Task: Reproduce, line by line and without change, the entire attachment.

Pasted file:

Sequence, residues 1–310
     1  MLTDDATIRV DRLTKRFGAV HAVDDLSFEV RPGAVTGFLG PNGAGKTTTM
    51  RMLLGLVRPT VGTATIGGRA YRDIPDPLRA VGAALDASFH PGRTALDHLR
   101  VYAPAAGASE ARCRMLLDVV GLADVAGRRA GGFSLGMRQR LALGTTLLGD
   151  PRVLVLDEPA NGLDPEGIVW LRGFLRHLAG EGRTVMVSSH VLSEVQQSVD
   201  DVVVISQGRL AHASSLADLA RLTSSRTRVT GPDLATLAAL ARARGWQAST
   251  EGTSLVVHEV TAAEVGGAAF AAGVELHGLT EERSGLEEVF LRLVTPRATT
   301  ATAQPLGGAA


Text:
Sequence, residues 1–310
     1  MLTDDATIRV DRLTKRFGAV HAVDDLSFEV RPGAVTGFLG PNGAGKTTTM
    51  RMLLGLVRPT VGTATIGGRA YRDIPDPLRA VGAALDASFH PGRTALDHLR
   101  VYAPAAGASE ARCRMLLDVV GLADVAGRRA GGFSLGMRQR LALGTTLLGD
   151  PRVLVLDEPA NGLDPEGIVW LRGFLRHLAG EGRTVMVSSH VLSEVQQSVD
   201  DVVVISQGRL AHASSLADLA RLTSSRTRVT GPDLATLAAL ARARGWQAST
   251  EGTSLVVHEV TAAEVGGAAF AAGVELHGLT EERSGLEEVF LRLVTPRATT
   301  ATAQPLGGAA